Hot off the SAP presses is a new white paper called Demand-Driven Supply Networks: Advancing Supply Chain Management (@ KnowledgeStorm, Registration Required) that notes that being “demand-driven” requires an instantaneous sensing of customer demand and an immediate supply chain response to get the product to the customer when the customer wants it and that the critical element is collaboration among partners in the supply chain. Furthermore, it notes that Demand Driven Supply is the next step in the advancement of supply chain philosophy and translates into real money on the bottom line. Specifically, according to customer studies, analyst comments, and industry polling, SAP determined that consumer products companies can
- increase fill rates by 3% to 10%
- increase production efficiencies 1% to 5%
- decrease freight costs 5% to 15%
- improve personnel productivity 7% to 12%
- reduce obsolescence and waste 35% to 50%
- reduce inventory levels 7% to 15%
- improve asset utilization 10% to 15%
- decrease cash-to-cash cycle 10% to 30%
- reduce deductions by increasing perfect order fill
- make better use of promotional funds based on more accurate information
- increase the effectiveness of product introductions (and phase outs)
No surprises, since this is more or less what AMR and Aberdeen have been preaching for years, but what is surprising is that SAP is not only embracing DDSN, but already has solutions that enable DDSN by combining existing technology, such as advanced planning and optimization, with the following capabilities:
- Dynamic Sales and Operations Planning (DS&OP)
- Global Data Synchronization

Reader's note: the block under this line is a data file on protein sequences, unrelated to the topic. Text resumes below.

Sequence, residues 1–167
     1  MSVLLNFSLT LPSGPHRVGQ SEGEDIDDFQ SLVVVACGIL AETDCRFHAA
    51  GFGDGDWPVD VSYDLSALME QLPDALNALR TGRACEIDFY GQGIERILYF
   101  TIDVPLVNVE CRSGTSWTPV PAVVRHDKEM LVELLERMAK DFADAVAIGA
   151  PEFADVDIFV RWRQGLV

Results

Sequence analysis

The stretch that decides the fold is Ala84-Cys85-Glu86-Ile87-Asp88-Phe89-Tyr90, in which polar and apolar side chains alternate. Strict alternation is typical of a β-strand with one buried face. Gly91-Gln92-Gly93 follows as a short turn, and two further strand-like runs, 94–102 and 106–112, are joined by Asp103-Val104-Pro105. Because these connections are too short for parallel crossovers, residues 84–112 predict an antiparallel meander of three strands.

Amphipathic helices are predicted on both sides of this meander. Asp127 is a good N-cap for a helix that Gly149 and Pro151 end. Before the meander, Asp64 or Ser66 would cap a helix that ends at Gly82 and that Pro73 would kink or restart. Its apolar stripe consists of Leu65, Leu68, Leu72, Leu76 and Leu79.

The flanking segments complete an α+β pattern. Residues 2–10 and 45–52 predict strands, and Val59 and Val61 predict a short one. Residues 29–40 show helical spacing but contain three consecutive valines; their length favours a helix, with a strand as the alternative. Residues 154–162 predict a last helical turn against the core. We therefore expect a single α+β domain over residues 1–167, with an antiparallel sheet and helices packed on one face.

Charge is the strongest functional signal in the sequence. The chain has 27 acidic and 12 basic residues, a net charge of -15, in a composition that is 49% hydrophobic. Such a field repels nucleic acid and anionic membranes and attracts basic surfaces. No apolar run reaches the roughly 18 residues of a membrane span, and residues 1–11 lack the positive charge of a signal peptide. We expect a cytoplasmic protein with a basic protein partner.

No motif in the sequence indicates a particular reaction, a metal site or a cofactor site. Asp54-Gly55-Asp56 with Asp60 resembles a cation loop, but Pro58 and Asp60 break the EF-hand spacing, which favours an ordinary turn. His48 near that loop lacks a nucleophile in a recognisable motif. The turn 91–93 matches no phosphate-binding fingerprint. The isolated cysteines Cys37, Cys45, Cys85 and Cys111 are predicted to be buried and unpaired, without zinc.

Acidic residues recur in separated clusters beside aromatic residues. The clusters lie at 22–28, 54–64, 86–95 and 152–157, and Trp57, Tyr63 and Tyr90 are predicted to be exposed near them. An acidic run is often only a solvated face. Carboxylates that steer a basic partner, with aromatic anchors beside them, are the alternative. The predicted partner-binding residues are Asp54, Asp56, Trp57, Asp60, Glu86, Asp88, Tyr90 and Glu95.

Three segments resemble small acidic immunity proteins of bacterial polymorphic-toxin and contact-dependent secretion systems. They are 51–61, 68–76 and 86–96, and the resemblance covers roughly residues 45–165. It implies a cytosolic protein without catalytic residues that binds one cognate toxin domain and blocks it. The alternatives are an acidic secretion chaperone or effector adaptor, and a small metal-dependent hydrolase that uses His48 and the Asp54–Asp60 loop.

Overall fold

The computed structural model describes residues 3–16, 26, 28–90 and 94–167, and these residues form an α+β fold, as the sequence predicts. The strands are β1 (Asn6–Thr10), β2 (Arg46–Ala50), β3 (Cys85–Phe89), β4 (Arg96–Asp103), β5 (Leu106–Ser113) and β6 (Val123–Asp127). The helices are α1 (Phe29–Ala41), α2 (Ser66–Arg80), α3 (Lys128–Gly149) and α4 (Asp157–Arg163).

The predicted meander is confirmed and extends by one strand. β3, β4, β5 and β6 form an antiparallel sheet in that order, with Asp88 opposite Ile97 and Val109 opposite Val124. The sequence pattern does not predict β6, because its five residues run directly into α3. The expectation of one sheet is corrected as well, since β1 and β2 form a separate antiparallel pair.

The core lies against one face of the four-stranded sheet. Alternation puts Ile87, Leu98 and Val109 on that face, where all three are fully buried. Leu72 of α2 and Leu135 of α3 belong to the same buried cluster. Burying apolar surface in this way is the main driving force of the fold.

- Radio Frequency Identification (RFID)-enabled processes
- Point of sale-based analytics
- Integrated Trade Promotions Management
- Responsive Replenishment
- Multi-tiered collaboration and shared scorecards
- Adaptive Manufacturing
- Event Management
- Innovation and Design Collaboration
… and doing it while DDSN is still relatively early in its lifecycle. Considering SAP usually plays it safe and introduces new technology later on the innovation curve, this is a bit of bold move for SAP.
Although the paper does not cover anything that hasn’t been covered before, it does a good job of covering many of the key points. For instance, it notes that managers can respond proactively to deviations caused by internal and external events instead of spending their time gathering information, responding to problems, or preoccupied by ancillary tasks under demand driven supply. And more importantly, it notes that while manufacturers have always believed that long production runs lead to higher profitability, this is no longer the case since production runs that are theoretically less efficient may actually post a better ROI with DDSN because of the ability to shift manufacturing quickly to the most profitable products. Finally, DDS spans the entire consumer products supply chain and seamlessly connects all facets o the network. The future demand driven organization integrates all supply and demand elements to provide a seamless flow of real-time information to support valid decision making.
In addition to rehashing the definition of what DDS is, the SAP whitepaper also provides four steps that an organization can use to begin its journey.
standardize processes, data, and technology
- Advanced Planning
integrate key supply and demand elements including logistics, production, new-product introduction, and trade management, refine forecasting techniques, and implement advanced planning and scheduling based on optimization
- Increased Responsiveness
focus on the network by driving forecasting and visibility past the distribution center to the source of demand
refines the integrated network capabilities to adapt effectively and quickly to changes
These steps mesh will with our previous recommendations for each stage of the supply chain, which can each be classified as harmonization, advanced planning, increased responsiveness, or adaptability.
All in all, it’s a good introduction to demand driven supply and worth a quick read.
(Note: Parts I (An Introduction), II (Stages and Implications), and III (Challenges and Implementation) were posted on eSourcing Forum this past weekend.)